This part of Strike School made the more introverted among us quake in their boots. But outreach conversations don’t have to be awkward or confrontational (or worse, ineffective) if they have structure. Perhaps McAlevey’s most well-known contribution to the organizing world is her 6-step Structured Organizing Conversation (SOC): a roadmap to a productive and compelling interaction with someone yet unconvinced. Sample SOCs can be found in this guide from LaborNotes, this video from the American Federation of State, County and Municipal Employees, and even McAlevey’s own Jacobin article adapting the SOC for family gatherings where you might need to organize your cousins.
It takes practice (seriously: role-play with your comrades over and over), but it boils down to two things. A good SOC begins with a long stretch of listening — where you shouldn’t be doing more than 30% of the talking — and ends with a clear ask and a follow-up plan. The action your interlocutor has committed to take should stem from their own ideas and frustrations; you’ve simply guided them to connect their struggles to the imbalance of power that the union is actively dismantling.
2. Don’t third-party the union.
In Strike School, this was presented as a maxim about semantics — when you write an email or flyer, don’t say “the union” in third person! — but it gets at the heart of the question about what the union is. If we present the union as an entity outside of you and me, then we’ve lost the message about how it binds us together: it becomes a service we can occasionally consult for help rather than constituting our relationship as workers. McAlevey teaches that if we put workers’ agency at the center of the conversation, then it becomes clear that the union is us, and exactly what we make of it.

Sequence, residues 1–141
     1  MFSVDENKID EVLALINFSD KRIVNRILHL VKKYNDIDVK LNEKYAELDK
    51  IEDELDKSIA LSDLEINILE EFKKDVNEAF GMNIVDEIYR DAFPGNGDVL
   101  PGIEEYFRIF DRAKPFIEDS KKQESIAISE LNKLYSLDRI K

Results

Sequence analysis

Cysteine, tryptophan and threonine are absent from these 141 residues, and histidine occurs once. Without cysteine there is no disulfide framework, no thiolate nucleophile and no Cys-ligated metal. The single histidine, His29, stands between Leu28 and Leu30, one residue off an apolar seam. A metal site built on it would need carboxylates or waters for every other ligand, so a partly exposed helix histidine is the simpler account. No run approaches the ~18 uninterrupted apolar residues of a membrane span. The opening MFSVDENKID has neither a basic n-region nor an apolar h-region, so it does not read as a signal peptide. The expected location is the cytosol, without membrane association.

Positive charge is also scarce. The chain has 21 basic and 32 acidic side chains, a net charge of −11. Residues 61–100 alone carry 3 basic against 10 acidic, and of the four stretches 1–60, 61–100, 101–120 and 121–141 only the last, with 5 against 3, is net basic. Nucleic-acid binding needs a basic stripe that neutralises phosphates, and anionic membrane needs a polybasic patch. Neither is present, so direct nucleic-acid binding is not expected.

However, “we” and “us” can miss the mark when our messaging is about specific actions that need doing — the first person plural is nebulous when what we need is to spotlight the worker’s agency in the here and now. We shouldn’t be afraid of the second person: you, after all, is an integral part of us.
Strike School facilitators gave the following example of language that might be on a social media post or flyer and how to improve it:
Bad (third-person, jargony): “The union really needs everyone to step up and get more active so the union can win better protections in this CBA!”
Good (second person, clear ask): “The only way for you and your colleagues to make the kind of improvements you want in these negotiations is if you and everyone in your school takes the first step and signs the petition.”
In the same vein, McAlevey recommends a near-blanket ban on saying “thank you” in union organizing — no “thanks for coming out to the meeting!”, no “thanks for circulating the petition!”. (At this point in the session, the Zoom chat exploded with social anxiety.) The thinking is that “thank you” is an inappropriate response to the worker doing something for themselves. Instead, it converts union-related work into favors that members do for union leadership.
How do we fill the gaping holes where “thanks” would go? McAlevey suggests praise and language that centers the worker’s accomplishment, like “Great to see you!” and “Wow, you’ve moved people!” Strike School facilitator Jollene Levid assured the anxious that we’re not eliminating gratitude, but rather ensuring that we “convey a political message in every conversation.”
3. Make maps and charts galore.